The first NOTOCON conference took place in 1997 EV in Akron, Ohio, and has since been held on alternate years in different cities around the United States. Manifest Thy Glory is the third collection of papers from the national conference to be made available, following the inaugural volume Beauty & Strength for the 2007 EV conference.

Ordo Templi Orientis is an international fraternal order of men and women devoted to the pursuit of individual liberty, the study of magick, and the promulgation of the Law of Thelema. Founded in the early twentieth century, it has been shaped by such leading lights as Carl Kellner, Theodor Reuss, Aleister Crowley, Karl Germer and Grady Louis McMurtry.” [via]

Mr Spencer’s Cube

Hermetic Library fellow Colin Campbell posts about researching a passing mention in the essay “Initiated Interpretation of Ceremonial Magic” [also] by Aleister Crowley of “Mr Spencer’s Cube“.

“I was re-reading Crowley’s Initiated Interpretation of Ceremonial Magic in the front matter of his 1904 edition of Goetia for something around the seven hundredth time yesterday. In it, he mentions “Mr. Spencer’s Projected Cube”, something I had never taken the time to research. Until, well… yesterday.” [via]

Kill Me!

Hermetic Library fellow Colin Campbell has a new post about the recent update from OTO Grand Lodge that includes a new development in the long-standing issue of Aleister Crowley‘s poetic rendering of the Stele of Revealing offering two versions in print, and as it appears transcluded within the Book of the Law, Liber AL vel Legis, over on his blog at “Kill Me!” And, makes note also of how this relates to The Concordance of the Holy Books of Thelema:

“For those of you kind enough to have purchased The Concordance of the Holy Books of Thelema, all of the proceeds of which go to USGL, incidentally, this means striking verse III:37 from page 248 and adding it to the bottom of 258 under “kill”. For those of you that have not yet obtained a copy, there are more available, so you should definitely purchase one and then make the correction.” [via]

Vinculum Confusium

Hermetic Library fellow Colin Campbell has a new post about conjurations of Goetia over on his blog at “Vinculum Confusium“.

“So, here I am on another goose chase. … three manuscripts, listed in sequence, would seem to form the core of what has now become Goetia, but it’s not sure what’s become of them, nor can I say with certainty that they were actually what became Goetia.” [via]

NOTOCON IX presentations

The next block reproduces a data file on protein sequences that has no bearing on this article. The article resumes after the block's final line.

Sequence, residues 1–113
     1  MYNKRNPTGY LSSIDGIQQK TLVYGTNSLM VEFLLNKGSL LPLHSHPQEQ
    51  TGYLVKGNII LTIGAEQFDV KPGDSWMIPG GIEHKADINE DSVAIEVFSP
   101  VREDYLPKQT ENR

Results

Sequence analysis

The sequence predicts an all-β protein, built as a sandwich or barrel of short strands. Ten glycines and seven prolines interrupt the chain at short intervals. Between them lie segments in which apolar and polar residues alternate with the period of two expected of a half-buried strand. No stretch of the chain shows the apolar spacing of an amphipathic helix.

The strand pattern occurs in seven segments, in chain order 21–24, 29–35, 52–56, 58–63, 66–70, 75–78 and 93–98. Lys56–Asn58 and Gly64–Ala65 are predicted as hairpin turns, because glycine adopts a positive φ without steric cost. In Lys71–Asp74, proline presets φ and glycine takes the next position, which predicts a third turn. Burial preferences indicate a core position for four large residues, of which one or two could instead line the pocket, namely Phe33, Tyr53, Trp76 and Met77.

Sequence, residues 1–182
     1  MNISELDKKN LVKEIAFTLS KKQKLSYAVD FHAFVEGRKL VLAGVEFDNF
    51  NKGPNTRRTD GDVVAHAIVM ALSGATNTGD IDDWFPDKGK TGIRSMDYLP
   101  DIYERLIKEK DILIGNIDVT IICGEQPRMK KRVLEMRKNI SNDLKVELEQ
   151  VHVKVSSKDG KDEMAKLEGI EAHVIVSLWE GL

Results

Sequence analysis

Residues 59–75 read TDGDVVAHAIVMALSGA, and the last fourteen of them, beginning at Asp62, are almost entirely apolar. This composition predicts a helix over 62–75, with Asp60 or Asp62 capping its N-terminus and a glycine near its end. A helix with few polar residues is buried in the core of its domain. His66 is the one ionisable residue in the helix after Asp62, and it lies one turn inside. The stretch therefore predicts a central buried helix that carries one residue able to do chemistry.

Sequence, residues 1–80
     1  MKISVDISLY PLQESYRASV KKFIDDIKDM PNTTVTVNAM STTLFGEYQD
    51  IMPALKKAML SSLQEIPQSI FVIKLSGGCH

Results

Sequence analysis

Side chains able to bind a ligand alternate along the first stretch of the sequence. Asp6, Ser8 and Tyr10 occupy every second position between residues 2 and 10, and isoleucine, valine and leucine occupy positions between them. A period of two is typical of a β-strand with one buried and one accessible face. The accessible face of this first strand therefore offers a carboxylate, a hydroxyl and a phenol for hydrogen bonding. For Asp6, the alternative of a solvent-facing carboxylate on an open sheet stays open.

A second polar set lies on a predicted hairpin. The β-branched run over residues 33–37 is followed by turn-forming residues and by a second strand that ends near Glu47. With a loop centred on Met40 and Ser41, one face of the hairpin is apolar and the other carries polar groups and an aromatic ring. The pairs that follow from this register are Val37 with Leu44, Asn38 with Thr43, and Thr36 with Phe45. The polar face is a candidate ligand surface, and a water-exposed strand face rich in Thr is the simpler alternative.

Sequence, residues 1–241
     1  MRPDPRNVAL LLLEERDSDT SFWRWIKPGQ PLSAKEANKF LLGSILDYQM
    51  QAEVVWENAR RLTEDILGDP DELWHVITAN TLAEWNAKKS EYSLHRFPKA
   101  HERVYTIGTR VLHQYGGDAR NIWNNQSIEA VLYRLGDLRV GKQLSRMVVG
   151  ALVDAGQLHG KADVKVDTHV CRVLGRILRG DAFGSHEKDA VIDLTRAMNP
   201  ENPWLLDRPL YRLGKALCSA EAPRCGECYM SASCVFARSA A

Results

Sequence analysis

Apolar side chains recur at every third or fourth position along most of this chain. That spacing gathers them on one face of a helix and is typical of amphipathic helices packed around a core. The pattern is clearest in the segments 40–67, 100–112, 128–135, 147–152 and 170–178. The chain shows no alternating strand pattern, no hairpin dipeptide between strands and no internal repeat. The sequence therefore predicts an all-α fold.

The list of National Ordo Templi Orientis Conference (NOTOCON) presentations, and presenter bios, has been posted for the upcoming ninth biennial event on Aug 9th – 11th, 2013, being held in Sacramento, CA this time. In addition to several names you may recognize from posts here or content on the library site such as Lon Milo DuQuette, Richard Kaczynski, Christeos Pir and more, you will find Hermetic Library anthology artist David Shoemaker and fellows Colin Campbell and T Polyphilus are presenting this time around. Of course, library fellow Sabazius will also be there.

NOTOCON is the biennial conference for current members of OTO, with attendance minimally restricted to those who are initiates of at least Minerval, or 0°, with many presentations and events of interest. If you aren’t already a member, there’s still time to become a Minerval initiate before the conference, of course.

A Slightly Overdue Book

Hermetic Library fellow Colin Campbell has admitted to being a bad, but slightly reformed, library patron on his blog at “A Slightly Overdue Book“.

“Over the last weekend, I found myself traveling to my alma mater for the first time in a long time, and brought the book along to finally return it – sixteen years overdue. I informed the head librarian that I had to return an overdue book, which did not seem to phase him, then told him how overdue. After a pause of consideration, he laughed and became interested in the book itself. I told him a bit of the provenance, and while he did not once suggest there was going to be a late fee, I did offer a signed copy of my last book The Offices of Spirits as compensation for having it out so long. He noted that he would repair some of the binding of the Treatise and include it in their special collections going forward.” [via]